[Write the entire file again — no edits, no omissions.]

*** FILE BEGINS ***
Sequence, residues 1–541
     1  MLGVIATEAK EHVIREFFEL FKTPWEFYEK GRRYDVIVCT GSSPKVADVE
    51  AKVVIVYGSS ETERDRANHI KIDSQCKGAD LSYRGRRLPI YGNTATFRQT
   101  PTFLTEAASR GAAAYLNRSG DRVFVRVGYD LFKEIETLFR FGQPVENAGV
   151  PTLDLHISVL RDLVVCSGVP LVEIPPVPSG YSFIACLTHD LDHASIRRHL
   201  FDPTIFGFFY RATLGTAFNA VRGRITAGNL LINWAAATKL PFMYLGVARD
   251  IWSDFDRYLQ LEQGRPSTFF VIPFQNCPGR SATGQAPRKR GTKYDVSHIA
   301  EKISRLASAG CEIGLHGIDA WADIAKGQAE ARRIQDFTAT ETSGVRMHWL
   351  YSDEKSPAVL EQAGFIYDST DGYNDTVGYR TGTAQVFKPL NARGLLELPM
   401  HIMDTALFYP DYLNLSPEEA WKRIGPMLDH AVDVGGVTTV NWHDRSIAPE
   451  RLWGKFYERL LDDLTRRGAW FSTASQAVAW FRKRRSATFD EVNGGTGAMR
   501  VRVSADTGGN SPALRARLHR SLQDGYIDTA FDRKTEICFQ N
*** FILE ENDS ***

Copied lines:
Sequence, residues 1–541
     1  MLGVIATEAK EHVIREFFEL FKTPWEFYEK GRRYDVIVCT GSSPKVADVE
    51  AKVVIVYGSS ETERDRANHI KIDSQCKGAD LSYRGRRLPI YGNTATFRQT
   101  PTFLTEAASR GAAAYLNRSG DRVFVRVGYD LFKEIETLFR FGQPVENAGV
   151  PTLDLHISVL RDLVVCSGVP LVEIPPVPSG YSFIACLTHD LDHASIRRHL
   201  FDPTIFGFFY RATLGTAFNA VRGRITAGNL LINWAAATKL PFMYLGVARD
   251  IWSDFDRYLQ LEQGRPSTFF VIPFQNCPGR SATGQAPRKR GTKYDVSHIA
   301  EKISRLASAG CEIGLHGIDA WADIAKGQAE ARRIQDFTAT ETSGVRMHWL
   351  YSDEKSPAVL EQAGFIYDST DGYNDTVGYR TGTAQVFKPL NARGLLELPM
   401  HIMDTALFYP DYLNLSPEEA WKRIGPMLDH AVDVGGVTTV NWHDRSIAPE
   451  RLWGKFYERL LDDLTRRGAW FSTASQAVAW FRKRRSATFD EVNGGTGAMR
   501  VRVSADTGGN SPALRARLHR SLQDGYIDTA FDRKTEICFQ N